Ruby On Rails versus .Net/Java

July 20th, 2006
[ Software Development ]

I was recently asked about Ruby On Rails(ROR) versus .net or java. Specifically, a CEO of a startup is planning to use ROR, in what situation would we use ROR? First off, I have essentially no experience actually developing in ROR so I should really keep my yap shut. Having said that, this is all best guess, big grain of salt stuff. Some of my response is below:

Here’s some specifics to go with that….

ROR is impressive at first look, big ‘shock and awe’ value. This is what sucks people in. My question is what’s it like to work in when it’s a large, long-running codebase, multiple developers, etc. ROR sucks people in because you can prototype really fast, and again that makes it impressive when watching demos etc. There’s nothing cool looking about demonstrating how a well architected java or .net app makes working in a multiple developer, large code base scenario more managable. That’s just boring but which does a particular client need?

As far as I know, ror isn’t a strongly typed language which presents some major issues. In the end, if I was building an application that I wanted to have staying power, ie I plan on the codebase lasting a while, then I would use java or .net along with a whack of available frameworks like spring, hibernate, etc to accelerate development time. In that light I’m not sure ror has much of an advantage. If you’ve never used those frameworks or a good O/R mapper then ror would be even more impressive because that’s a big piece of the shock and awe value you’re getting. I think the piece that impresses most people is it’s built in O/R mapper.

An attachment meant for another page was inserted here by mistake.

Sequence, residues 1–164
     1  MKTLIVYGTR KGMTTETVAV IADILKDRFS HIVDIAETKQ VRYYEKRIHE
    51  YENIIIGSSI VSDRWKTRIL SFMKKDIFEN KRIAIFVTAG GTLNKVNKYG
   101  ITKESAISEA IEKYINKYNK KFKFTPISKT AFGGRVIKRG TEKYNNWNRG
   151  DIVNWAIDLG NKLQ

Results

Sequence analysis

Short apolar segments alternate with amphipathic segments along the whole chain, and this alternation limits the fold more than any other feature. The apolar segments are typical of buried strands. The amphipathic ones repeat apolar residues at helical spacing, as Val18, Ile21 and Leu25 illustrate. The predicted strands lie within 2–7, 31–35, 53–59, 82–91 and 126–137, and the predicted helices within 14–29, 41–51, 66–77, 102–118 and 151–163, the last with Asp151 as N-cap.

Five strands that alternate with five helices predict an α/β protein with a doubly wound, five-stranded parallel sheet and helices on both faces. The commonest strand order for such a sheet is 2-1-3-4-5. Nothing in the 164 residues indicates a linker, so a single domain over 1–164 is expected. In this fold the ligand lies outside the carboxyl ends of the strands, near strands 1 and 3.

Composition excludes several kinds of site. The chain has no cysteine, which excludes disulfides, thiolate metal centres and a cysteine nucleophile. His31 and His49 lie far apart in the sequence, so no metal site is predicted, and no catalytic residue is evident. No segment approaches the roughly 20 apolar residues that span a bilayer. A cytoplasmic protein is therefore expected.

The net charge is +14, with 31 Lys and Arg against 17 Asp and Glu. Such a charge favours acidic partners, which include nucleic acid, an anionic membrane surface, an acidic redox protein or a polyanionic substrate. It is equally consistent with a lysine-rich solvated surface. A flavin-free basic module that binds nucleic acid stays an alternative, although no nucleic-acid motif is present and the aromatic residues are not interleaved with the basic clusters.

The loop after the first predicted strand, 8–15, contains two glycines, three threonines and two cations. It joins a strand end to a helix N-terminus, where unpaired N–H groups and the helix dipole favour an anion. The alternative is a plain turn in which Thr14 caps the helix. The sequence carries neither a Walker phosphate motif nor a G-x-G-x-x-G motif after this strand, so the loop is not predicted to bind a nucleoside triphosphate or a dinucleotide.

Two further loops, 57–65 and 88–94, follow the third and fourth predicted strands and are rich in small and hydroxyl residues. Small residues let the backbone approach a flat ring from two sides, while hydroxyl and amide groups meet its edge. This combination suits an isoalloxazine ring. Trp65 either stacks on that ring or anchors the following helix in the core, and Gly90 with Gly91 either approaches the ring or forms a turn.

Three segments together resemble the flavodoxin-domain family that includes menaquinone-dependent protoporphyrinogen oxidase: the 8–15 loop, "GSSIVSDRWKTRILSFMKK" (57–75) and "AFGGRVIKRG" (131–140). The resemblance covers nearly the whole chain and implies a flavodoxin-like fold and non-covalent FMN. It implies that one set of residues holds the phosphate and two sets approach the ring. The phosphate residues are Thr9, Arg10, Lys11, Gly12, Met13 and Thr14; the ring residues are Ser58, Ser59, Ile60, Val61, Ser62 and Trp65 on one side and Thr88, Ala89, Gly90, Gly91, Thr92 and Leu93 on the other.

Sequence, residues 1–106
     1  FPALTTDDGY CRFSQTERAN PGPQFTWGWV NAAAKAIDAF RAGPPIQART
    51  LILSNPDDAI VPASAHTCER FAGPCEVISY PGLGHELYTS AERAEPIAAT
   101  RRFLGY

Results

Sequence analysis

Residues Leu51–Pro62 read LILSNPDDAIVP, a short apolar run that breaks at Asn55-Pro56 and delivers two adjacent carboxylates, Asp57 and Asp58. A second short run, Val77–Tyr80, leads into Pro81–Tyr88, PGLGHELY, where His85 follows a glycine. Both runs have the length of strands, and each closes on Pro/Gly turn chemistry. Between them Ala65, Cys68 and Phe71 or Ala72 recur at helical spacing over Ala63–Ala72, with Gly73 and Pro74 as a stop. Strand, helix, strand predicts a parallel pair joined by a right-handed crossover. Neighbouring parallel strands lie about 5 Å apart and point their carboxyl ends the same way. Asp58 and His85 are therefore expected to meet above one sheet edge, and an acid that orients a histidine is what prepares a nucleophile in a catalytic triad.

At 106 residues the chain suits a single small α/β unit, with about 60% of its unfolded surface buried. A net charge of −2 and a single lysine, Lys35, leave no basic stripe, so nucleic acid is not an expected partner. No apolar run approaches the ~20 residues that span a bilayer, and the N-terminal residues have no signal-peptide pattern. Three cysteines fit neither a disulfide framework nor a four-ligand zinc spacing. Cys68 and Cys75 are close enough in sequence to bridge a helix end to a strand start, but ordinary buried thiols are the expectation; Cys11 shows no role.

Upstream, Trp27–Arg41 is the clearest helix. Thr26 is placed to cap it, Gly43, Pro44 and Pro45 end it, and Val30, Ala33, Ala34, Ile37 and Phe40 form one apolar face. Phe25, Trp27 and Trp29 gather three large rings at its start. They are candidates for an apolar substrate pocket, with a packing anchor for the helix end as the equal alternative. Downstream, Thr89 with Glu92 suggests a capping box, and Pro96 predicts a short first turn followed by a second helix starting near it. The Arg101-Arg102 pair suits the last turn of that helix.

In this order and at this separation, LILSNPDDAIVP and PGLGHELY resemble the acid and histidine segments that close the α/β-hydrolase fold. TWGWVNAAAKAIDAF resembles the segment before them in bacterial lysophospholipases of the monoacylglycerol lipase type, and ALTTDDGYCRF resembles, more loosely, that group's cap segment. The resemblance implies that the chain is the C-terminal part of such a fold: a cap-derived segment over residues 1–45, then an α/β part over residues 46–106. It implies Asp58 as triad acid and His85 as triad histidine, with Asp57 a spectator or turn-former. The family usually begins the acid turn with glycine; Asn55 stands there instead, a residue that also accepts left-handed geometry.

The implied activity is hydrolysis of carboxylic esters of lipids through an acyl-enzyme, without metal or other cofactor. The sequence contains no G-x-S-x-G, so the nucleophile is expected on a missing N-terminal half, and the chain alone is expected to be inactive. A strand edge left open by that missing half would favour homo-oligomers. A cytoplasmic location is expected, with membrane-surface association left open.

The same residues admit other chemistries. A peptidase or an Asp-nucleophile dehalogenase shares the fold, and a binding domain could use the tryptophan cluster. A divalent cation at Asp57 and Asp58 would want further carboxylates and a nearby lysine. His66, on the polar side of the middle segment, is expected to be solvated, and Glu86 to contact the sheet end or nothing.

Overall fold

The real question is why? What does that CEO feel he’s getting by using ror? Cheaper developers? Better technology? No licensing costs? Better scalability? Faster development?

“After my run with RoR, I played around with ASP.NET 2.0. My thought the whole time was similar … where are the blog in 2 min (or 5 or 10 or w/e the RoR demo was) demos on this? Cause really, its a whole lot easier with ASP.NET 2.0 than in RoR. Its practically no code – all the controls are drag and droppable. Now, the biggest thing is that when you want to come back and do a real app in ASP.NET 2.0 after the initial wowing, you still can! You are the ones writing the SQL statements for the data sources (with tools to make it quick) and caching is very easy to implement. A lot of the plumbing is there for logins, user management, site navigation, etc, etc. And with all of it, if you need to, the provider model is easy to customize as you like.

That definitely sounds biased but thats how I honestly feel about it: They’ve done good with RoR’s marketing (the “demos”) but beyond basics, it really disappoints. Not so with ASP.NET 2.0 – only thing is maybe someone should do the 2-5 min “demo” for ASP.NET 2.0.”

Above quote from comments here.